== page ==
ACL Injuries: What Are We Doing?

July 4, 2015

Unfortunately, NOT ENOUGH. None of us are. We must do better. Whether we are a coach, an athletic trainer, a parent, or an athlete. We all must do better. Too many of these injuries are occurring and too many of them can be prevented. But they aren’t. They are occurring daily. Female athletes suffer more ACL injuries than their male counterparts and the numbers are alarming. Even more alarming is the fact that those who tear their ACL are at a much higher risk of either re-tearing that same ACL or tearing the ACL in the opposite knee.

Gray Cook has said that a major factor for injury is previous injury. That goes to show how important injury prevention really is. We have to work to achieve this. And unfortunately, too many of us are not doing enough. Even our kids who do get into the weight room probably are not receiving the greatest benefits. If we are simply entering the weight room and lifting weights without appropriate movement screening and appropriate instruction, I have concerns. Are we preventing injuries or are we creating injuries in the weight room? If you don’t know the answer to that question, I believe you need to re-assess your program. Injury prevention needs to be the first priority when it comes to Athletic Performance and then we’ll allow the enhanced performance come. But you cannot perform at your best when you are injured.

The greatest concern, though, is that our athletes are not doing enough to prevent injuries. I have seen it regularly over my career, female athletes especially are too reactive rather than being proactive when it comes to injury prevention and athletic performance. Most female athletes never step foot into the weight room until after they suffer an injury. For this reason, they often suffer an ACL injury which sets them back several months out of their sport and it can be extremely depressing for the athlete.

So my question is how to we get our female athletes to buy-in? Unfortunately, I don’t know this answer. But one story I like to share is from my last year at Waterloo where I worked with our volleyball coach to integrate an “ACL Prevention Program” into their summer workouts and into their dynamic warm up on a daily basis. Near the end of the season, one of the girls came to see me on a Saturday morning after injuring her knee on Friday evening in practice. She had all of the signs and symptoms of a meniscus tear or ACL injury along with a mechanism of injury that would potentially cause such injury. Our team doctor and I both agreed that she seemed to have a meniscus tear so he ordered an MRI. Fortunately, he and I were both wrong and she was diagnosed with a Grade 1 ACL sprain. Our physical therapist told me after her first PT visit that she had never seen a girl with such strong hips. To me, I truly believe this girl would have torn her ACL without the prevention program in place at the beginning of the season. That would have caused her to not only miss the end of her junior year, but she likely would have missed her entire club season and most if not all of her senior year. Instead, she missed 6 weeks while she rehabbed and went on to return to volleyball in the spring.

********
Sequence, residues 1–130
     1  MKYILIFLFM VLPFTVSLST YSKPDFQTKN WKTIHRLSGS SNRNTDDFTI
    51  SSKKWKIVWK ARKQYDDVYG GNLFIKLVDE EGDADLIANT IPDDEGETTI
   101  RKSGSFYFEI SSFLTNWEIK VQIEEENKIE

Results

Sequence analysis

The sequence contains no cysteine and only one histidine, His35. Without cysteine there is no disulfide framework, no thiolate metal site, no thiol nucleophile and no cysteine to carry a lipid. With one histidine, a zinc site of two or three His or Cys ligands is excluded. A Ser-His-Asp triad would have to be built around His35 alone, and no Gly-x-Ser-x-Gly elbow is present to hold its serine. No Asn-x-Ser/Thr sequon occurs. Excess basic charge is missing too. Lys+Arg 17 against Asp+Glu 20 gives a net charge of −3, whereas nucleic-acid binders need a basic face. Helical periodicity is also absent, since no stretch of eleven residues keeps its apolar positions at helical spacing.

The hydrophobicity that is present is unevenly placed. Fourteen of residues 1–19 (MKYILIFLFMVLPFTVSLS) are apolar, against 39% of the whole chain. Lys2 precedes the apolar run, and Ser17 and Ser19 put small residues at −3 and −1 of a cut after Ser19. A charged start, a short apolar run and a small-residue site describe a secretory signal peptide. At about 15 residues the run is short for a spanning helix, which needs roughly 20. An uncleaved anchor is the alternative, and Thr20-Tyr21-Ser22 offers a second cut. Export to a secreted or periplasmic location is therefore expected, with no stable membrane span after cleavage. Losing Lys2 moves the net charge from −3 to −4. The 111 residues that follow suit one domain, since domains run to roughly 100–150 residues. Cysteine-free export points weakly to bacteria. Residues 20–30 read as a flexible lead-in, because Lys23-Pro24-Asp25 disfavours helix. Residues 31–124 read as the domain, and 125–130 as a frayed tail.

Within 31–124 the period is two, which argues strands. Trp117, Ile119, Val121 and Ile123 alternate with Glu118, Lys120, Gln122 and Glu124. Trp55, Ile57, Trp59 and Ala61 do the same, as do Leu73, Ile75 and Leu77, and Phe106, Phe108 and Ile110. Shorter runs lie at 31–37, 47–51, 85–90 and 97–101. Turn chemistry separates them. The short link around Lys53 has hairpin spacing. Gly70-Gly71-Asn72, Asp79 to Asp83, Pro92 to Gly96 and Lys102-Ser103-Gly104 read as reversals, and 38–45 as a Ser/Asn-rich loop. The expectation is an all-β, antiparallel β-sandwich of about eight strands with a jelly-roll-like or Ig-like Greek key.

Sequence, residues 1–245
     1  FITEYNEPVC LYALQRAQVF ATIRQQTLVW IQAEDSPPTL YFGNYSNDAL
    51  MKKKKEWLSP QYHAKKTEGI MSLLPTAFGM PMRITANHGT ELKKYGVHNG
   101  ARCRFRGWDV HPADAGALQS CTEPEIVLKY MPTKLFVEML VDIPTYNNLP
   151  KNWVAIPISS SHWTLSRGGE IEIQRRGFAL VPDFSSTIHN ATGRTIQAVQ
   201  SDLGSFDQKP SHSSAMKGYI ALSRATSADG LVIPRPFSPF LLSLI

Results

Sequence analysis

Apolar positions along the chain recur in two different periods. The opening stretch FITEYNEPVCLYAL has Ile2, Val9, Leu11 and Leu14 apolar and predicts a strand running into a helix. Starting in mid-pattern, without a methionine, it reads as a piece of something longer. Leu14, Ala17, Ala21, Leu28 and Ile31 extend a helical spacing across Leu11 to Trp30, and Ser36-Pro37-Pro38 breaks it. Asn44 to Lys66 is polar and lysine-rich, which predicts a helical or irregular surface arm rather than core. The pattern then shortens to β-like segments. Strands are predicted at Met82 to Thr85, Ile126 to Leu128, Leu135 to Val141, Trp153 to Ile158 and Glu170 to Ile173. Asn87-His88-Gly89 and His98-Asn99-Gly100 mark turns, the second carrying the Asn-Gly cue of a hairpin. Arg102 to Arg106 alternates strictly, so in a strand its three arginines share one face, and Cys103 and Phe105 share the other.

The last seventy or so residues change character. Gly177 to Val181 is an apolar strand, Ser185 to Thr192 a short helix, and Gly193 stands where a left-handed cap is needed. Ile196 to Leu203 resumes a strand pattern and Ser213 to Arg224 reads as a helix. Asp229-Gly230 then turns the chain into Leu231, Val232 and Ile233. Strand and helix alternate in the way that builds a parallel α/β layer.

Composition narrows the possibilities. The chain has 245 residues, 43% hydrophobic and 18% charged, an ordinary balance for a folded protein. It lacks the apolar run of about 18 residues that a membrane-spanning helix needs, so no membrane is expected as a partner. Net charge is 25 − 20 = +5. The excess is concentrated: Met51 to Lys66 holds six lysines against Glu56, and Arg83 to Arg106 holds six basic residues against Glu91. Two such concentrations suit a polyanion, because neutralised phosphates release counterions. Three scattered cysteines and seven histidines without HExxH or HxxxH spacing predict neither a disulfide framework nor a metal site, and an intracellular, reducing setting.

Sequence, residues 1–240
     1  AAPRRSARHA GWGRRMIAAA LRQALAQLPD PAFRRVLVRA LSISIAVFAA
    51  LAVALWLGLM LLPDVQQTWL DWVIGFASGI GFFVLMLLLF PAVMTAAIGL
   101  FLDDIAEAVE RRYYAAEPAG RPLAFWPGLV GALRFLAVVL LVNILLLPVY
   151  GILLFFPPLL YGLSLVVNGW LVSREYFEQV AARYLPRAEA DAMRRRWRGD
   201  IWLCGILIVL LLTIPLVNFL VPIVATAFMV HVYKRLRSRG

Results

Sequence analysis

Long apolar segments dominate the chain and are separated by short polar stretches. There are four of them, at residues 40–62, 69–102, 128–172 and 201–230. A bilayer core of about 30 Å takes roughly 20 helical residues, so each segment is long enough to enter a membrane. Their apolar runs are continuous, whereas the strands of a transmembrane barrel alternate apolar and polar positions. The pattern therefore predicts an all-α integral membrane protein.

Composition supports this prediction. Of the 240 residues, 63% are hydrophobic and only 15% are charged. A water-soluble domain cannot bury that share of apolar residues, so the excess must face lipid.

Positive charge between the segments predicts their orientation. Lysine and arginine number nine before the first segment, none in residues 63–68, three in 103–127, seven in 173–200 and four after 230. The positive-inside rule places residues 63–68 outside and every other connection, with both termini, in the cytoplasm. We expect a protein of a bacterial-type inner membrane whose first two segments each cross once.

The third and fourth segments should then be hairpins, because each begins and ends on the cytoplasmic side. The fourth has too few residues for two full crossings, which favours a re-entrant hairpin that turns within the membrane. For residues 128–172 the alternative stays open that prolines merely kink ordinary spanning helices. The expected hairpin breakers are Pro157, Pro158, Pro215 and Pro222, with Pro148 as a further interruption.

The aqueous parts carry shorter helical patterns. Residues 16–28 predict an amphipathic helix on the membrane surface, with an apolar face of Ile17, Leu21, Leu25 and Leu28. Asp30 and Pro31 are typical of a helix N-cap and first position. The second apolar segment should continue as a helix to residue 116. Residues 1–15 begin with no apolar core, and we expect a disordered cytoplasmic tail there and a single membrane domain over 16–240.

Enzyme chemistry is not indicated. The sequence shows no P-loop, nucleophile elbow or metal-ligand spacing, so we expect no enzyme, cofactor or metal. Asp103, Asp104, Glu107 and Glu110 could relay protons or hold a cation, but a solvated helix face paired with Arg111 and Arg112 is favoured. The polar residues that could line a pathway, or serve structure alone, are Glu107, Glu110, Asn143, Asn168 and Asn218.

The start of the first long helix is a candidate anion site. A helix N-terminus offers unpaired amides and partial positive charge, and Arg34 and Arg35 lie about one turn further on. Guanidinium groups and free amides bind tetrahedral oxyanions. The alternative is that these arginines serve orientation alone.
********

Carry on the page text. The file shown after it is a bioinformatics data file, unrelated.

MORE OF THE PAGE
I see many girls who move incorrectly. People think that I am exaggerating when I show them a picture like the one above, but then I am more than happy to take a picture and/or video of them performing a squat or some sort of single leg movement like a single leg squat or a lunge. Then I ask them what they think. They no longer think I’m exaggerating so much. People also believe I’m exaggerating when I tell them, without manual testing, that their hips are weak. I truly believe I could take every single female athlete in my school and over 80% would have movement deficiencies and weaknesses attributed to their gluteus maximus and gluteus medius.

Whether you are a coach, an athletic trainer, a parent, or an athlete, I challenge you to find a way to prevent these injuries. ACL injuries may not be completely preventable, but there is so much we can do to lessen the severity of injury. And it might just make better athletes in the process…

One Response to “ACL Injuries: What Are We Doing?”

  1. audricpr Says:

    i have a question regarding your article, more specifically the picture related to your article of the soccer player running. Wouldn’t the direction they are sprinting and the action of the opposite leg following deceleration affect the amount of pelvic tilt/rotation and femoral internal rotation ? I ask this because depending on the above that would affect the amount of activation of the abductor or adductor group. So wouldn’t a neutral pelvis limit contribution from the musculature that attaches to the pelvis especially those that cross both the hip and knee?

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